These days, regardless of where you live in Canada, you’re likely to come across a local producer of spirits like rum, gin or vodka. Here are 10 small-batch Canadian spirits that are just as remarkably different from each other as the various landscapes that surround them.
Bluenose Rum from Ironworks (Lunenburg, NS)
Saying that this East Coast rum is dark — named after the speedy schooner that graces our Canadian dime — is an understatement. It’s almost black as night. A large amount of molasses used during the distilling process leads to a liquor that is potent but well-rounded, with notes of spices like clove. It taste great in eggnog, but the holidays are far behind us, so for now, let’s just sip it slowly over ice.
Check out Ironworks
Cucumber Gin from Long Table Distillery (Vancouver, BC)
Anyone out there who loves Hendrink’s Gin will absolutely love this micro-distilled spirit from Vancouver. The innate freshness of cucumber shines through with a subtle spicy aftertaste. Don’t even think about dirtying up this gin in a martini — keep it dry for maximum appreciation.
Check out Long Table Distillery
Last Mountain Distillery - Dill Pickle Vodka (Lumsden, SK)
Any self-respecting Caesar connoisseur knows that basic vodka isn’t the only spirit that belongs in the classic Canadian cocktail. Naturally infused vodka, from Saskatchewan’s original distillery, Last Mountain, is born to be used in a Caesar (or bloody Mary, for that matter). It doesn’t lend itself well to sweet drinks for obvious reasons, but makes one heck of a dirty martini.
Check out Last Mountain Distillery
Haskap Gin from Steinhart Distillery (Arisaig, NS)
Much like the sea buckthorn, the Haskap is a relatively unknown berry to the average Canadian. Primarily found in the Okanagan, Saskatchewan and Nova Scotia, these little gems (akin to a slightly tarter blueberry) are used at Steinhart as one of the aromatics in their gin. The result is a beautiful ruby red spirit that pairs nicely with bubbly club soda and lemon juice, poured into an ice-filled glass for your sipping pleasure.
Check out Steinhart Distillery
Horlika from Lucky Bastard Distillers (Saskatoon, SK)
Vodka infused with Saskatchewan honey and Mexican chiles, this unique liquor packs a one-two punch of heat and sweetness. If you’ve ever been to a Ukrainian wedding, Christmas or any gathering really, you’ve likely knocked back a shooter or two of something similar. This version is slightly elevated in terms of flavour, but still a good choice to for a toast or two.
Check out Lucky Bastard Distillers
Sea Buckthorn Liqueur from Okanagan Spirits (Kelowna, BC)
Though small in size, the bright orange berry used in this speciality liqueur at the Okanagan’s premier distillery packs a big acidic punch. Use this as an after-dinner sipper, or sparingly in sparkling cocktails like mimosas.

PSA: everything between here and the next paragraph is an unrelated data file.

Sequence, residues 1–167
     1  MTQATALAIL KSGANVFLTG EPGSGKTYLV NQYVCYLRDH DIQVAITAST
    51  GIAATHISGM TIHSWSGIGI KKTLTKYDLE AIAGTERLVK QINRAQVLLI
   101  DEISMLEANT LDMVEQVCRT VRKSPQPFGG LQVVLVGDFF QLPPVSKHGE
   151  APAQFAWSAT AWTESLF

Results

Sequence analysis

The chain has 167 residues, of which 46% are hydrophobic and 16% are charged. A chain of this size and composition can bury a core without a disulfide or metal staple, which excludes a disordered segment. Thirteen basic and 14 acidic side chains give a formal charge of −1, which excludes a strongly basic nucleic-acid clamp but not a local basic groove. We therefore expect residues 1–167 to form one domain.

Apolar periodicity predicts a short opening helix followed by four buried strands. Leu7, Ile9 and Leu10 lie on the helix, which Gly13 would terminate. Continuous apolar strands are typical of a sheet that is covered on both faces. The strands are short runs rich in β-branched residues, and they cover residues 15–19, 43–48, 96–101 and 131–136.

Check out Okanagan Spirits
Spiced Rum from Chic Choc (Cowansville, QC)
Leave the sailors and the captains on the shelf the next time you’re at the liquor store, and opt for this small-batch rum produced in Québec. Infused with foraged aromatics like green alder, wild angelica and lovage root, the robust spiciness of this rum is far more unique and memorable than most of its mass-produced counterparts.
Check out Chic Choc
White Rye from Dillon’s Distillers (Beamsville, ON)
Definitely an uncommon spirit in this country, Dillon’s is one of only two distillers in Canada that makes this particular clear spirit. At its simplest, “white” rye is essentially a rye that sits in a barrel for a short amount of time or in a different vessel altogether. More time (generally years) in the barrel means more colour, hence the golden hues it can exude, and depth of flavour. This trend is fairly polarizing, with some drink experts seeking out the nuances in the young spirit, while some think otherwise.
Check out Dillon’s Distillers
Spring Equinox from Eau Claire Distillery (Turner Valley, AB)
This is the only Canadian liquor that’s made with prickly pear cacti. Spring Equinox, which is probably best classified as flavour-infused vodka, manages to embody that light spring feel. A swig of this with some soda over ice will lead your mind to melting snow and leaves budding on the bare tree. Spring’s arrival has never tasted so good.
Check out Eau Claire Distillery
Sweet Vermouth from Odd Society Spirits (Vancouver, BC)
Locally made vermouth isn’t something you come upon any day of the week, but you certainly can if you live in British Columbia or Alberta. Odd Society has a great lineup of interesting spirits from crème de cassis to barrel-aged gin. But this vermouth, made with a long list of botanicals, B.C. wine and fortified with malt spirit stands out from the pack.
Check out Odd Society Spirits
Dan Clapson is a food writer and culinary instructor based out of Calgary. He is constantly creating new recipes and striving to expand his culinary horizons. He thinks yam fries are overrated.